I guess in part this feels liberating to me because as a scientist I’m very pleased that this great big mystery dissipates into thin air. And then the question becomes kind of technical – what kind of free will is worth wanting and how to compare it with what you apparently have. This was done by the philosopher Daniel Dennett in “Elbow Room: The Varieties of Free Will Worth Wanting” and I basically channel him in my take on those matters. I don’t think I can squeeze into a two-minute reply the technicalities of how one can reconcile what is known about the physics of free will (which is, there isn’t any) and the way we feel about it (which is, of course, that we feel we have it) and what can be done about that. But I think the starting point for this line of thought is clear so once we understand that the self is a web of cause and effect that is part of a larger web, I think everyone can translate this insight for themselves into how to conduct themselves. I guess the bottom line is, again, at the danger of sounding too corny, to realize that we have to be in tune with the rest of the world, which includes other people and the universe around us.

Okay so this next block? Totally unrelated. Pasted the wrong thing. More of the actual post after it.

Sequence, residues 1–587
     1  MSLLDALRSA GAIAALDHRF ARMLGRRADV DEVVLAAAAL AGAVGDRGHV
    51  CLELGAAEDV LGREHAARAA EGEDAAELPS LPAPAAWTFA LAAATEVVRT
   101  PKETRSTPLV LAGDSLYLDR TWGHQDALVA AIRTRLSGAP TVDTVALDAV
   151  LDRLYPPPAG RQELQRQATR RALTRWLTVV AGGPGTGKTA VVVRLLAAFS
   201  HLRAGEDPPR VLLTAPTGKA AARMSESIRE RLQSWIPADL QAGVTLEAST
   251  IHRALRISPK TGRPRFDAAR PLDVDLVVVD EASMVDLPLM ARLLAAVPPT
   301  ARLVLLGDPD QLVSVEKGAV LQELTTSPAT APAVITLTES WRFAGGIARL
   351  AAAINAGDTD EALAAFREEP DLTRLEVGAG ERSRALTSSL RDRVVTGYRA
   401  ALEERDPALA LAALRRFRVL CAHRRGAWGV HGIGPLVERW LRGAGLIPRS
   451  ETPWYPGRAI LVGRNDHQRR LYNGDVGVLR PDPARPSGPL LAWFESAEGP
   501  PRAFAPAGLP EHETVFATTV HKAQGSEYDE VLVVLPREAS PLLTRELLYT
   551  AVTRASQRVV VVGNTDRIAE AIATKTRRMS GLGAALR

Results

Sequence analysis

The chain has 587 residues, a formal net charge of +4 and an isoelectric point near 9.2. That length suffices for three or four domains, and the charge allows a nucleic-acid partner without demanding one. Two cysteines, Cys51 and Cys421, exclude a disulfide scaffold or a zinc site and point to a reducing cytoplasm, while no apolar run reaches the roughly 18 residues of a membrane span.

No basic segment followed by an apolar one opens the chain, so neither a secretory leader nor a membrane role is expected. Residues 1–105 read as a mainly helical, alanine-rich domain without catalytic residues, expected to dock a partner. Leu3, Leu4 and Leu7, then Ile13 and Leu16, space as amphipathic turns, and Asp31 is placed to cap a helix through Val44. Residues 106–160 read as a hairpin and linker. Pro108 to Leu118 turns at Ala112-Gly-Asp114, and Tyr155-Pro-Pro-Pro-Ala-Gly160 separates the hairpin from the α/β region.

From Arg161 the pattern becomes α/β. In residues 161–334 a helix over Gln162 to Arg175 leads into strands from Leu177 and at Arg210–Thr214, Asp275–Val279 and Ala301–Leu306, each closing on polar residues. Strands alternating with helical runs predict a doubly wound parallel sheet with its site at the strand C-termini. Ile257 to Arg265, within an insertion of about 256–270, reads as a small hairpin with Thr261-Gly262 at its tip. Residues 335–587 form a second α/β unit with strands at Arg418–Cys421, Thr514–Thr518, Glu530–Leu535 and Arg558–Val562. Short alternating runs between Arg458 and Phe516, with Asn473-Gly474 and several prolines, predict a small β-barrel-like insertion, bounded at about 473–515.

Is this what you mean when you say that our happiness depends equally on our inner selves as it does on the world around us?
I hope the impression you get from the book is not that the self is in a definite way distinguishable from the surrounding universe in so far as there are causal links. We are interconnected with the rest of the universe so I think it only makes sense that our own mental states when we perceive them will depend on what’s going on around us.
What do you think of Barbara Ehrenreich’s “Bright-Sided,” an account of what she views as the current happiness industry of positive thinking and affirmation culture? Does our obsession with happiness go too far?